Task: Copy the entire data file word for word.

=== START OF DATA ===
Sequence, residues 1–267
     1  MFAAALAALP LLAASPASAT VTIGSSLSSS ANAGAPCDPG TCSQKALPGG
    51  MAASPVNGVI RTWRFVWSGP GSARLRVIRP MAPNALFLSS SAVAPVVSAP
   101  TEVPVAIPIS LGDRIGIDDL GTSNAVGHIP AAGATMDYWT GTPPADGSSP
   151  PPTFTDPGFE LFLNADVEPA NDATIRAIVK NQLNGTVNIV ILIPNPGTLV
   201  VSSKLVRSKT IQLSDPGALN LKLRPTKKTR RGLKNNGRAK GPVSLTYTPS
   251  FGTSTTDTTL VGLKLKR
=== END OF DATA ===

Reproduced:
Sequence, residues 1–267
     1  MFAAALAALP LLAASPASAT VTIGSSLSSS ANAGAPCDPG TCSQKALPGG
    51  MAASPVNGVI RTWRFVWSGP GSARLRVIRP MAPNALFLSS SAVAPVVSAP
   101  TEVPVAIPIS LGDRIGIDDL GTSNAVGHIP AAGATMDYWT GTPPADGSSP
   151  PPTFTDPGFE LFLNADVEPA NDATIRAIVK NQLNGTVNIV ILIPNPGTLV
   201  VSSKLVRSKT IQLSDPGALN LKLRPTKKTR RGLKNNGRAK GPVSLTYTPS
   251  FGTSTTDTTL VGLKLKR